In some of the early design cases submitted to International Journal of Designs for Learning (IJDL), editors and advisory board members have noticed a tendency on the part of authors to conclude their cases with statements that read very much like “lessons learned for next time.”

ins03.gif This overview of Renzo Piano’s design for the Art Institute of Chicago’s new wing provides examples of design images from early sketches through presentation renderings and models [13].

Representations like this cast such cases as poor imitations of knowledge-building traditions to which they are ill suited. Design does not lead to a singular correct answer, so the design case must be flexible enough to accommodate the unpredictable nature of design and its outcomes. Design cases cannot serve, and should not be seen as attempts, to prescribe action on the part of other designers.

Rigorous Design Cases and Building Disciplined Practice

The reflection and focus required to produce rigorous design cases benefit novice and experienced designers alike. Their publication multiplies those benefits by providing rich precedent to all designers in a domain, and by exposing to clients and the public the specialized forms of knowledge used by designers in their work. Over time, sharing rigorous precedent across a design community can be expected to raise the shared standards for reflection and the disciplined use of design knowledge in that community. Even in communities already accustomed to producing volumes of high-utility precedent, rigorous design cases can play this role.


1. Krippendorff, K. The Semantic Turn. CRC Press, Taylor & Francis Group, Boca Raton, FL, 2006.

2. Nelson, H.G. and Stolterman, E. The Design Way: Intentional change in an Unpredictable World: Foundations and Fundamentals of Design Competence. Educational Technology Publications, Englewood Cliffs, NJ, 2003.

3. Oxman R. Precedents in design: A computational model for the organization of precedent knowledge. Design Studies 15, 2 (1994), 141–157.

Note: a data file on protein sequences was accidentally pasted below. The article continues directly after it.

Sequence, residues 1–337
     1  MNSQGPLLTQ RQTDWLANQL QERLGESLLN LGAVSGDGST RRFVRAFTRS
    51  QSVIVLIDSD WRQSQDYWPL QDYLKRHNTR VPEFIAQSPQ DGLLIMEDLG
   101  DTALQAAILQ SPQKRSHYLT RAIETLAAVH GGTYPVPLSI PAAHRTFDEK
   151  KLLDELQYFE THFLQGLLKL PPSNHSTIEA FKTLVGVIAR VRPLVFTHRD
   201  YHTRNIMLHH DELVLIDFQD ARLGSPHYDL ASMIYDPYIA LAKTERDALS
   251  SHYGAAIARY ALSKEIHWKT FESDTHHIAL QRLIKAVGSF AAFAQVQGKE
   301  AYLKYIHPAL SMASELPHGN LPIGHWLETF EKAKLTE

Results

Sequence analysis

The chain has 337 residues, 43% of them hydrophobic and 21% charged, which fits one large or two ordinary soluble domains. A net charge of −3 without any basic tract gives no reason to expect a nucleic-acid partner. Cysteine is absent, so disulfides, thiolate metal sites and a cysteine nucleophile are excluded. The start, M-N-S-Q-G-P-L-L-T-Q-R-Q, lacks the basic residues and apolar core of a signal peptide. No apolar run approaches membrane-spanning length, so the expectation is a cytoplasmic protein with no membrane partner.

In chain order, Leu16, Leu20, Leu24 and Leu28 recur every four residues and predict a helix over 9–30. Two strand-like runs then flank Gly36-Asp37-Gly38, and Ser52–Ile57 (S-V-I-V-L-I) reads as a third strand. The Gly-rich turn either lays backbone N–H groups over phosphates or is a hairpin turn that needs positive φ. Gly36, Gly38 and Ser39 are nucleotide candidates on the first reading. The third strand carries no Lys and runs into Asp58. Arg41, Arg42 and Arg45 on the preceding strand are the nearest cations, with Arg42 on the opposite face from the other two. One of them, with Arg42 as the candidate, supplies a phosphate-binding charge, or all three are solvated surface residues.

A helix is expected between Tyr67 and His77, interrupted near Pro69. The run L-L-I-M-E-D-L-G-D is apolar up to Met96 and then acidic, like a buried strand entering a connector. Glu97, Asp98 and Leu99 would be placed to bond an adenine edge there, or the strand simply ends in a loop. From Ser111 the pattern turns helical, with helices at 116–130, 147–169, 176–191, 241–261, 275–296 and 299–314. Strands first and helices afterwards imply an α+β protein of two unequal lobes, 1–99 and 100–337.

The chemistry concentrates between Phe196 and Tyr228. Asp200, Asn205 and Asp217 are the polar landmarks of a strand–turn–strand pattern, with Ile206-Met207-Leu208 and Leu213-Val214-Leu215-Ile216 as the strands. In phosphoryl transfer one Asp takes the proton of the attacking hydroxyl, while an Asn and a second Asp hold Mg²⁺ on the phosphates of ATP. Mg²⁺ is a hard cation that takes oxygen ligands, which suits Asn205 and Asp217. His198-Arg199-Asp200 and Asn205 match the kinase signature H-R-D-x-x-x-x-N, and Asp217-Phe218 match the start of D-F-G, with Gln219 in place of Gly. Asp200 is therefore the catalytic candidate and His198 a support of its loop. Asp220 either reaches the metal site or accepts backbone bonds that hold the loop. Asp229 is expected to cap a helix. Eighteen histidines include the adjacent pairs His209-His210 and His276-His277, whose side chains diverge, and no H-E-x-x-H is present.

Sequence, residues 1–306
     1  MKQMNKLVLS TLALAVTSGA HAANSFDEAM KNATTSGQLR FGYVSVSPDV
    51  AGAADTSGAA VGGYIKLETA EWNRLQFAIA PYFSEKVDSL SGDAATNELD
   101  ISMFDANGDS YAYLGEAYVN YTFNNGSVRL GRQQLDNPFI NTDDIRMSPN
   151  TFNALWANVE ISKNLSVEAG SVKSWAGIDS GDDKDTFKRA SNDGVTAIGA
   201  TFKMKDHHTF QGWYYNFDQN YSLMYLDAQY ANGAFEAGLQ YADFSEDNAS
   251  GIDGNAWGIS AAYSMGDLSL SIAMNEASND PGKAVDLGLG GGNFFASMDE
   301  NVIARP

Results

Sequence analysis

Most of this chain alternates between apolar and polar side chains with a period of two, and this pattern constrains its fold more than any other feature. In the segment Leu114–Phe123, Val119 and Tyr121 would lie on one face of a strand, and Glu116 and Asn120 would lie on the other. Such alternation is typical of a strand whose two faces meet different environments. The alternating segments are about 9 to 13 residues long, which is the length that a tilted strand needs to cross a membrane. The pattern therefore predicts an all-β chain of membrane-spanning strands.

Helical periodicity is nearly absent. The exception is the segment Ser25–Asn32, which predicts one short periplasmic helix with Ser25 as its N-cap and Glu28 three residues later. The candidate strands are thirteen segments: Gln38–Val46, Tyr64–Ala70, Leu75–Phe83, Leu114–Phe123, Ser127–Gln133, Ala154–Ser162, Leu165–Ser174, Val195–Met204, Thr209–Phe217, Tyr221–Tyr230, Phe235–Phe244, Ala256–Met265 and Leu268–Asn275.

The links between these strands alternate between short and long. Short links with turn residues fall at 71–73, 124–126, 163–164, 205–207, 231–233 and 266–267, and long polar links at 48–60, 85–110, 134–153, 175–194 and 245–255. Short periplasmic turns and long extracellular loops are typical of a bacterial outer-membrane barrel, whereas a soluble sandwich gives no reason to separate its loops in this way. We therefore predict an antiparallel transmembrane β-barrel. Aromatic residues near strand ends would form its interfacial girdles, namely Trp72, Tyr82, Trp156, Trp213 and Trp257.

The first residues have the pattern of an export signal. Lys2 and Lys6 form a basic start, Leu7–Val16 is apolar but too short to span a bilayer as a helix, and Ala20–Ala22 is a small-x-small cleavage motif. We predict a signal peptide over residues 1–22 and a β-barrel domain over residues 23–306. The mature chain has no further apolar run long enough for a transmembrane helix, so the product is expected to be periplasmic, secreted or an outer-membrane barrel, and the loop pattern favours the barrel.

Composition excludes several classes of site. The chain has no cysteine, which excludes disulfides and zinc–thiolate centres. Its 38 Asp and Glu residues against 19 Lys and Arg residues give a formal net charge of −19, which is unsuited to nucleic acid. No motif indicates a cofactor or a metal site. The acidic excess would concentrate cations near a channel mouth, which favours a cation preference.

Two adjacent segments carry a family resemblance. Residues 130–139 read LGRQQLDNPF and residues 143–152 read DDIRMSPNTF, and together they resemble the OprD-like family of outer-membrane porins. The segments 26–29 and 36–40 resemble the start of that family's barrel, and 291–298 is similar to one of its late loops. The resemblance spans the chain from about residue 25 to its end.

4. Lawson, B. How Designers Think (3rd Ed.). Architectural Press, London, UK, 2005.

5. Lawson, B. Schemata, gambits and precedent: Some factors in design expertise. Design Studies 24, 5 (2004), 443–457.

6. Lowgren, J. and Stolterman, E. Thoughtful Interaction Design: A Design Perspective on Information Technology. The MIT Press, Boston, MA, 2007.

7. Blevis, E. and Siegel, M. The explanation for design explanations. 11th International Conference on Human-Computer Interaction: Interaction Design Education and Research: Current and Future Trends (Las Vegas, NV). 2005.

8. Tatar, D. The design tensions framework. Human-Computer Interaction 22, (2007), 413–451.

9. Rowe, D., Smith, K., and Boling, E. In defense of picture books: Design artifacts as sources of knowledge for instructional designers. Association for Educational Communications and Technology (Orlando, FL). 2005.

10. Lincoln, Y. and Guba, E. Naturalistic Inquiry. SAGE Publications, Newbury Park, CA, 1985.

11. Alofsin, A., ed. Prairie skyscraper: Frank Lloyd Wright’s Price Tower. Rizzoli, New York, 2005.

12. Haller, M., Seifried, T., Scott, S. Pertender, C. Sakamoto, D., and Inami, M. CRiSTAL. interactions 18, 3 (2011), 8.

13. Cuno, J. and Thorne, M. Zero Gravity: The Art Institute, Renzo Piano, and Building for a New Century. The Art Institute of Chicago, Chicago, 2005.


Elizabeth Boling is a professor of instructional systems technology and associate dean for graduate studies in the School of Education at Indiana University. Her research interests include visual design for information and instruction, design education, and design knowledge. She is editor-in-chief of International Journal of Designs for Learning.

Kennon M. Smith is an assistant professor in the Interior Design Studies Group within the Department of Apparel Merchandising and Interior Design at Indiana University. Her research interests include the development of design expertise and the evolution of meanings of design within and between design disciplines.


T1Table 1. Trustworthiness factors from naturalistic inquiry as applied to design cases.

Sidebar: Other Noteworthy Examples of Precedent

Design Smule’s iPhone Ocarina

Though somewhat promotional in tone, this design case is notable for the thoroughness and transparency of explanation for critical design features and the decisions behind them. https://ccrma.stanford.edu/~ge/publish/ocarina-nime2009.pdf

The Story of the Ribbon

This design case is especially strong in presentation of the context for the design, in negative case analysis (design directions that were not followed through in the end), thick description of the design, and reliance on audit trails—records of design decisions and activities drawn upon to explain the evolution of the project. http://office-blogs.net/UI/UX09_Harris.pdf